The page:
The International 2013 – Crowdsourcing – Effectively

Posted under: Digital Natives 6th of July, 2013

Valve, simply put, are marketing geniuses.  Ok, some context: What is “The International 2013″? What is being crowdsourced and how is it being done effectively? Who is Valve and why are they marketing geniuses.

The International is an annual E-sports tournament for the game Dota 2 hosted by Valve that has in previous years, provided a prize pool of $1.6 Million Dollars.  This year is the third occurrence, “TI3″, of the annual event.  The first “International” was held at Gamescom in Cologne, Germany alongside the release of the game in it’s early beta form and was won by Na’Vi.  The second International, “TI2” was held in Seattle at Valve’s head office, allowing more control over the production of the event.  Valve covered all the expenses of all participating teams and their players for the duration of each event, as well as also providing the same hospitality for the invited casters and community figures who help cast the matches and host the event.

So what is so special about this year’s “International”, and how has Valve crowdsourced their tournament?  As with the last 2 times, Valve is again boasting an impressive $1.6 Million prize pool with the winning team receiving $1 Million.  However, this year they’ve added the extra attraction of allowing the community to participate and contribute to the prize pool by providing “The International Interactive Compendium“.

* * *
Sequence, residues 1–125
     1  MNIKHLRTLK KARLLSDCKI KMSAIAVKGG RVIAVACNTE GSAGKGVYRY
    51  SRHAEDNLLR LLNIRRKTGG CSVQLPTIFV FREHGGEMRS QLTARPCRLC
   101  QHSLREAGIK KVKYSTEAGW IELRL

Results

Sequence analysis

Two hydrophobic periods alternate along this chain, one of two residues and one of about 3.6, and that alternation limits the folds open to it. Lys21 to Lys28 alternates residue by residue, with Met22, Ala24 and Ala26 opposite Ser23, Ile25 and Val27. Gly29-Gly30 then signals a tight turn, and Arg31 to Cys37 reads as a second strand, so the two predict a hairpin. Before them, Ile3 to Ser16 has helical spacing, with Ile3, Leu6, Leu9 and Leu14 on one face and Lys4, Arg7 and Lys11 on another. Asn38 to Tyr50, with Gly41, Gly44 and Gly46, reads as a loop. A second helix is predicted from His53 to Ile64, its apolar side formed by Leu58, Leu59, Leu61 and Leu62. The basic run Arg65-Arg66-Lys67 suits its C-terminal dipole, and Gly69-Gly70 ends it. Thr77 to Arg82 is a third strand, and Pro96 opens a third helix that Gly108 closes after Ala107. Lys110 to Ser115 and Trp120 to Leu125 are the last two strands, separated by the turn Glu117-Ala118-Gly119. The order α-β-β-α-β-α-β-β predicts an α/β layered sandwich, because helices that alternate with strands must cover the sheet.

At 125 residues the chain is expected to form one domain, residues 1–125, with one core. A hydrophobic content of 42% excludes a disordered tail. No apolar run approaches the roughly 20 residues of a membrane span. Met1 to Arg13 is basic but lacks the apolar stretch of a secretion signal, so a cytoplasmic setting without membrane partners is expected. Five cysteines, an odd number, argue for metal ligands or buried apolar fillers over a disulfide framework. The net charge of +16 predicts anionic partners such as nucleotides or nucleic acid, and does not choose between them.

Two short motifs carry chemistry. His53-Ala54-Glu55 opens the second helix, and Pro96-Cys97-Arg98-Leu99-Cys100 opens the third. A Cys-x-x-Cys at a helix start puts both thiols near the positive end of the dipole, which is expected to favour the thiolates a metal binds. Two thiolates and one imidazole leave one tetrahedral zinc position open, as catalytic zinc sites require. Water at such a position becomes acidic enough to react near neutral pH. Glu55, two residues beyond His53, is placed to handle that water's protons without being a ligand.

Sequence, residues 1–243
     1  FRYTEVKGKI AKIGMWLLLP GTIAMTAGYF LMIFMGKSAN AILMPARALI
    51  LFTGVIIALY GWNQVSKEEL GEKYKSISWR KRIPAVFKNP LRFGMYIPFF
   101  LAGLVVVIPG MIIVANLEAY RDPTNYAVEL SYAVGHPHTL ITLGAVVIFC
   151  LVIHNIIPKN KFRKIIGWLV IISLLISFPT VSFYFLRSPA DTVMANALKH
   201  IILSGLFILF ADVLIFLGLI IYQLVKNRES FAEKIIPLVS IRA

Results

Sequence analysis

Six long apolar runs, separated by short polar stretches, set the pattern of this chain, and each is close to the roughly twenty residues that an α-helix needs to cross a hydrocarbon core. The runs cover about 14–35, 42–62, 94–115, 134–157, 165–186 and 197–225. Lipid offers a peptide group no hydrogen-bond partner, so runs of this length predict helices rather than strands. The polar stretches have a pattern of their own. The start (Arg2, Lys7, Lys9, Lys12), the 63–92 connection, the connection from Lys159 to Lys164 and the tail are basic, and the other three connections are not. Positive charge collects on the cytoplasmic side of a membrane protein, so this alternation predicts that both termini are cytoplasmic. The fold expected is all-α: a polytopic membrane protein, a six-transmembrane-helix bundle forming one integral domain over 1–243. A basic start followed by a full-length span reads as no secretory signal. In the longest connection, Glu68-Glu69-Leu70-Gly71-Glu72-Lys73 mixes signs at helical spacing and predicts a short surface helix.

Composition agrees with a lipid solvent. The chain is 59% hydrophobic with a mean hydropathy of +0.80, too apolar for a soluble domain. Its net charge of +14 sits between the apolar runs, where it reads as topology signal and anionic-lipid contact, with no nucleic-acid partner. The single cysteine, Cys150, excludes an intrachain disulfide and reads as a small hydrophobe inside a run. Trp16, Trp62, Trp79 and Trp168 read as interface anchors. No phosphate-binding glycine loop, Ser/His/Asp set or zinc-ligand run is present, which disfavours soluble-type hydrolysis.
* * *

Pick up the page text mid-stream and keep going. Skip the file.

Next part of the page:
“The Interactive Compendium is a virtual passport that keeps you up to date with The International – and gives you unprecedented access to the tournament as it develops. Compete with other fans for fun and bragging rights by predicting match outcomes and stats. Receive virtual item drops while watching matches. Best of all, have your say in assembling the 2013 All Star team: Vote for 10 of your favorite players from any team and the winners will play in a showmatch at The International.”

These compendiums are sold on the Steam Store for $10 each. The kicker and selling point of the compendium is that a portion of the sale actually goes to the prize pool.

The $1.6 million prize pool for The International is now just the beginning. For every purchase of an Interactive Compendium, 25% of the price will go directly into the prize pool.”

At the time of writing, the prize pool currently stands at $2,407,195.  Over $800,000 has been added to the prize pool directly from the compendium sales.  This is one of the largest, if not the largest, amount of money that has been provided for an E-sports event by its community.  It can be argued that other companies like Riot (Developers of  LoL “League of Legends”), which uses a Freemium economy business model, fund their tournament in a similar fashion using the money from the premium users.  However, the premium users in this case are already buying premium content and it is at Riot’s discretion where they choose to spend their profit.

E-Sports Earnings” is a website that has been able to track individual earnings of professional gamers, as well as provide statistics on some of the biggest prize pool in e-sports.  Currently, Riot’s LoL has claimed the highest prize pool ($1,970,000.00) with their Season 2 World Championship last year.  TI3 is not only going to have a larger prize pool, but it’s also one of the biggest prize pool directly funded by Dota 2′s Community.

Not bad for a game that hasn’t even been officially released yet.

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